Migration to the UK has dropped following the EU referendum.
Estimates including three months after the referendum suggest net migration has fallen since the previous year, although the change isn’t statistically significant. It’s too soon to say what effect the result has had on immigration.
Net migration to the UK has fallen by 49,000 to 273,000.
Estimates show this for the 12 months leading to September 2016. The changes aren’t statistically significant so we can’t say for sure, but may well be showing a genuine fall.
Claim 1 of 2
“Net migration to UK falls to 273,000”
BBC News, 23 February 2017
“THE BREXIT EFFECT? Migration to the UK has DROPPED in the quarter after Britain voted to leave the European Union – to the lowest level in two years”
The Sun, 23 February 2017
“Net migration to UK falls by 49,000 after Brexit vote”
The Guardian, 23 February 2017
If you’ve seen headlines this morning claiming net migration has fallen by 49,000 to 273,000 in the year to last September, and anything linking this with the EU referendum, you need to tread carefully when drawing conclusions about them. ‘Net migration’ is the difference between the number of people coming to live in the UK and the number of people leaving to live abroad.
The change looks big, but it isn’t actually “statistically significant”. In other words, we can’t be sure enough that the change isn’t just down to random variation, as opposed to something genuine. That’s because all these numbers come out of a survey of passengers at ports across the UK, so they can’t precisely count everyone in and out. Uncertainty is inevitable.
That said, given the scale of the measured fall there’s still a good chance that we’re seeing something genuine.
Within the EU there is a mixed picture, with a fall in net migration of Eastern Europeans but a rise in immigration by Bulgarians and Romanians.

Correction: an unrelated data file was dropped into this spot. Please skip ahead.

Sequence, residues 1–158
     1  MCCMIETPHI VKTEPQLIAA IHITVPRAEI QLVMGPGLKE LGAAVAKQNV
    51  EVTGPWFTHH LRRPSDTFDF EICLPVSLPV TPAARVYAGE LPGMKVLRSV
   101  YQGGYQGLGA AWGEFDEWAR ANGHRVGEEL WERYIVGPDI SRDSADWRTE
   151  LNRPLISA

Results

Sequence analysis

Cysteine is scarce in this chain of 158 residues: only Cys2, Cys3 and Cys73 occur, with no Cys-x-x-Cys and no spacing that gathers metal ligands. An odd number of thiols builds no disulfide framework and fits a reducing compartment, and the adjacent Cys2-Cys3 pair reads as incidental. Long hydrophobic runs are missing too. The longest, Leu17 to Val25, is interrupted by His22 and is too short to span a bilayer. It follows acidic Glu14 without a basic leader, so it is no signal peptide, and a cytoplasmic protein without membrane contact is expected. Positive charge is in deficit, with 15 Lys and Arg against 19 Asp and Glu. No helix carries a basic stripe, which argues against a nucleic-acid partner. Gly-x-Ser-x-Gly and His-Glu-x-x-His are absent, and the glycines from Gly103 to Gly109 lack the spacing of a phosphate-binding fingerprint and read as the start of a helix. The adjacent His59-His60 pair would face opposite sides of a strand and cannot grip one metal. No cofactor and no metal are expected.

Few significant changes but lots of food for thought
Behind the headline decreases there were also falls in net migration from the rest of the EU and outside the EU as well. Again, these weren’t big enough to be significant but do potentially mark the start of genuine decreases.
But there were some changes we can be reasonably sure about:
- Up: Immigration of Romanian and Bulgarian citizens to the UK.
- Up: Emigration of citizens of eight Eastern European countries which joined the EU in 2004 from the UK.
- Up: Emigration of African, American and Oceanian citizens from the UK.
- Down: Immigration of people arriving to study, mainly from outside the EU. It is too early to tell if this is “an emerging long-term trend”, the Office for National Statistics said.
Too soon to say what effect the EU referendum has had
This is the first set of estimates we’ve had covering the months following last year’s EU referendum. But as the ONS points out this morning:
“it is too early to say what effect the referendum result has had on long-term international migration”
Part of that is because there hasn’t been a consistent picture of EU immigration and emigration. Net migration from Eastern Europe was estimated to have fallen slightly, while there were significant increases in Romanian and Bulgarian immigrants.
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